Part of the reason this book's profiled radicals Roger
Thomas Paine, a corset staymaker’s son who moved from England to the colonies as a thirty-seven year-old in 1774, faced withering criticism from his more appeasement-minded colonial colleagues (such as
Elizabeth Cady Stanton, groomed in her upbringing as daughter of a prominent judge in upstate New York to a conventional life as mother and homemaker, long endured mocking disdain from countless strangers and even her own father and husband for insisting that women were morally and legally entitled to equal treatment. Yet with her lifetime of unflinching advocacy for women’s rights - including her two singular landmark creations, the Declaration of Rights and Sentiments for the Seneca Falls Convention of 1848, and the Woman’s Bible in 1896 – Stanton did more than any single person to establish the framework for eventual gender legal equality in the United States (including the “right” to vote, gained some eighteen years after her death with the Nineteenth Amendment in 1920).
Controversy followed black radical historian, scholar and agitator-prophet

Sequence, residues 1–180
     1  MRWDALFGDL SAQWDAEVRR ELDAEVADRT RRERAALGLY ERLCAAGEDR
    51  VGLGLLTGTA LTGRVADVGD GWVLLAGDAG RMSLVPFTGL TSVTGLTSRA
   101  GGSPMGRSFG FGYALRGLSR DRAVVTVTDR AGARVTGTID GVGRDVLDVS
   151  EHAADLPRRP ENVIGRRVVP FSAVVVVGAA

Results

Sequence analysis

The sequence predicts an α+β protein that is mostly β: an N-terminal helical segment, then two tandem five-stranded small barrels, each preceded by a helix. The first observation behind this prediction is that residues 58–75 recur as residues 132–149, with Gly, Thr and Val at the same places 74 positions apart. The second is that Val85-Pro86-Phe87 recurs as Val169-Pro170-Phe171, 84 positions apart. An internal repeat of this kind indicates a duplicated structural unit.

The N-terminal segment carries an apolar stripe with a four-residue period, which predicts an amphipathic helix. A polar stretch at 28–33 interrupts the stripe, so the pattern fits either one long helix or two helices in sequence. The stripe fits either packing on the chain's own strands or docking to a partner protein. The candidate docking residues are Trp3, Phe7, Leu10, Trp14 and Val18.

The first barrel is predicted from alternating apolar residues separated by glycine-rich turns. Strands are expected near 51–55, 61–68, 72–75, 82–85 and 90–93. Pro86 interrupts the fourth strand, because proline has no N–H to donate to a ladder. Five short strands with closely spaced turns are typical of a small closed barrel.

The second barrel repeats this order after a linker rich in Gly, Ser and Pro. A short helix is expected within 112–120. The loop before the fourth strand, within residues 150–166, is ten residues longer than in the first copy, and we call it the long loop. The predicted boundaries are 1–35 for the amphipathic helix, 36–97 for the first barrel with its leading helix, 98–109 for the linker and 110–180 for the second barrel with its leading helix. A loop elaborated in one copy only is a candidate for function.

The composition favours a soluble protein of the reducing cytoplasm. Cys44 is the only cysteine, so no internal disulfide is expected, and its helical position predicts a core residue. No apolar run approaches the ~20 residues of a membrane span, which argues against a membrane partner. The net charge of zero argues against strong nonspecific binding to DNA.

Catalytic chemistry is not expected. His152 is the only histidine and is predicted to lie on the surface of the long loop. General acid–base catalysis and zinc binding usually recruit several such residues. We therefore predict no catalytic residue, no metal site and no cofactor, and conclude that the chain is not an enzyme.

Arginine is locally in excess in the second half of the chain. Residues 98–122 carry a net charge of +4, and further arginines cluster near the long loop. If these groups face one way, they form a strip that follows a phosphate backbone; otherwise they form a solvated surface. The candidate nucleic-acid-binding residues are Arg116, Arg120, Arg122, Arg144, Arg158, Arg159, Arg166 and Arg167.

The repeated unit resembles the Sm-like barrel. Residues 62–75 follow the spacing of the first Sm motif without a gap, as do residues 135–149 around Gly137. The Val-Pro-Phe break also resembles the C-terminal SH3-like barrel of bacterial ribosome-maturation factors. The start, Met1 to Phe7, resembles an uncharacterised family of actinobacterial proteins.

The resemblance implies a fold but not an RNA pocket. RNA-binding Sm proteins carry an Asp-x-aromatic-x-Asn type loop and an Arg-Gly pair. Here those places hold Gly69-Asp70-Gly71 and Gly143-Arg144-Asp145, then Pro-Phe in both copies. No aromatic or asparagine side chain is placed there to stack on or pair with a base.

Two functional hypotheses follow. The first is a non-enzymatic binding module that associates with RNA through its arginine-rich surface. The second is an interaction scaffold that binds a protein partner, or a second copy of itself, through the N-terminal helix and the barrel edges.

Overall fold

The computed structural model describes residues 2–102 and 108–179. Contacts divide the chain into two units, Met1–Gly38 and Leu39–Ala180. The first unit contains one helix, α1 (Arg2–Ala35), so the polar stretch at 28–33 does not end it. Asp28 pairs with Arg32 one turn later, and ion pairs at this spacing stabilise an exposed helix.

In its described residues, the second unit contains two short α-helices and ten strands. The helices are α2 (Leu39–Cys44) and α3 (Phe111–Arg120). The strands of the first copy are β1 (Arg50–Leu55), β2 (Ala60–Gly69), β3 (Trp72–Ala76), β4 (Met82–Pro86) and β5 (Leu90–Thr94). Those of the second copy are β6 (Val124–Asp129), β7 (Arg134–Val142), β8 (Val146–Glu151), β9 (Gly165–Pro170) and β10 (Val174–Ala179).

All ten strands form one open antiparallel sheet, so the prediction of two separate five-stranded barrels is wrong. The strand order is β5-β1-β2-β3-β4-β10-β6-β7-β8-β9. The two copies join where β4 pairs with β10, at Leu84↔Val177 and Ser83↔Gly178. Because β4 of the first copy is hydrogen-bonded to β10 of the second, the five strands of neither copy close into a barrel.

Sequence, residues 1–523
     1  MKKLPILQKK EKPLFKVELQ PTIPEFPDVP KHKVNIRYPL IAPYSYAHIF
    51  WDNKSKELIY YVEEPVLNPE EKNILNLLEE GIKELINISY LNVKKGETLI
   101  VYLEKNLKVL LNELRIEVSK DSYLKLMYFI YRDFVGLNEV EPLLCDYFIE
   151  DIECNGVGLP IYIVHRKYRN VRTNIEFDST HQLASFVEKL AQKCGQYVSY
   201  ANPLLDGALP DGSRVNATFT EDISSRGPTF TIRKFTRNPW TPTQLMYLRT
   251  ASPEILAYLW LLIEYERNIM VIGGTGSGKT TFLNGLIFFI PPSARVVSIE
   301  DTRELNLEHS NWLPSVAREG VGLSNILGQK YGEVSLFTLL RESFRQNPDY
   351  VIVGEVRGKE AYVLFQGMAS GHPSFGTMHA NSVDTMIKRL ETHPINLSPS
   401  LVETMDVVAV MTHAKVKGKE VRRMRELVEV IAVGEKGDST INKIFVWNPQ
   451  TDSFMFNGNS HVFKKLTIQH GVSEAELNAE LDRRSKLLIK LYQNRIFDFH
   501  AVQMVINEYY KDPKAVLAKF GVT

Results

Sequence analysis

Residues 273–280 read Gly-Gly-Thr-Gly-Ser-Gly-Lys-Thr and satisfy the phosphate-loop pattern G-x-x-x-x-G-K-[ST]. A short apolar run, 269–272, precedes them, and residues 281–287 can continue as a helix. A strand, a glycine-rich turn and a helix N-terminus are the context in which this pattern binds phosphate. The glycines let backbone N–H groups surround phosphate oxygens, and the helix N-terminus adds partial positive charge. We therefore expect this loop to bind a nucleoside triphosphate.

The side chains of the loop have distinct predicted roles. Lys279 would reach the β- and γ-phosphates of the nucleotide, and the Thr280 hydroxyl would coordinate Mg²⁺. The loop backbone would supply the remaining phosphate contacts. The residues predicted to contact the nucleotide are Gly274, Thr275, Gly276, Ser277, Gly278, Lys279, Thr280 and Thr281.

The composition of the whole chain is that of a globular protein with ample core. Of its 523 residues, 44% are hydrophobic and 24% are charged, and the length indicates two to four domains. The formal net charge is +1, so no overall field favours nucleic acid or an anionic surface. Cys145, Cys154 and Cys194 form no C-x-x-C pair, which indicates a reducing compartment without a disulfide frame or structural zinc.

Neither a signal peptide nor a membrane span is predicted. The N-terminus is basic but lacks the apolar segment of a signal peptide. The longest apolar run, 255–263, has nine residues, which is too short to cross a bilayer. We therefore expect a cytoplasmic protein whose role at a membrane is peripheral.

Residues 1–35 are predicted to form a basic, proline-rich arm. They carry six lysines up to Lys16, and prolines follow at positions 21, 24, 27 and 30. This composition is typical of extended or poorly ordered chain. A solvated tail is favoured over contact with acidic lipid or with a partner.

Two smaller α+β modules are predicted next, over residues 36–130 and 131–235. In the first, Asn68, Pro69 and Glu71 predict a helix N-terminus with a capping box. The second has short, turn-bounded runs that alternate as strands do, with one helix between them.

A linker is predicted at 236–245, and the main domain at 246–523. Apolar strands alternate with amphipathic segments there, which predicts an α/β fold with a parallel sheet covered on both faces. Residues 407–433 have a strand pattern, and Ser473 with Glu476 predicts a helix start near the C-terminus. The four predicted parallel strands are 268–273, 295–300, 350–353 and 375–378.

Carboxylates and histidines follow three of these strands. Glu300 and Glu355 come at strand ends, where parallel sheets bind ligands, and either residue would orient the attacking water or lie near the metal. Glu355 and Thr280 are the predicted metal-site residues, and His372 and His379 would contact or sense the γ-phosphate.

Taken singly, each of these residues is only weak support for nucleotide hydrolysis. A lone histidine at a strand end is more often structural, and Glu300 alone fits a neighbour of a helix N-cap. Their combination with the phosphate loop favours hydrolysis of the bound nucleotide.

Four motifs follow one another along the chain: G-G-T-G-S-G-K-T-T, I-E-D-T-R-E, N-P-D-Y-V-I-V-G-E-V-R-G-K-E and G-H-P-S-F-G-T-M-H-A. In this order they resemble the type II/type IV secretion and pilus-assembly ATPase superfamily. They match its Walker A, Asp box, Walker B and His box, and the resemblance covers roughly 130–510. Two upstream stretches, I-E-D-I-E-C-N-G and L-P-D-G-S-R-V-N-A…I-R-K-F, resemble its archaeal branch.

And Sioux author, scholar and activist Vine Deloria, whose views on government naturally came through his own tribal traditions, antagonized the establishment while shaking mainstream America out of its complacency with his provocative works exposing the American government’s systematic centuries-long oppression of Indian tribes. Beginning with Custer Died for Your Sins, his devastating 1969 critique of the United States Government and passionate call-to-action to a new generation of Native Americans, Deloria was a central figure in providing a unifying intellectual, political voice to Indians past, present and future in their battles for self-determination and reclaiming tribal heritage. As Indian Law scholar Charles Wilkinson comments, “If you mark down the great figures of the American West in recent times, [Deloria] belongs there because of his role in reshaping Indian country…. I think in the last 100 years, he's been the most important person in Indian affairs, period.”
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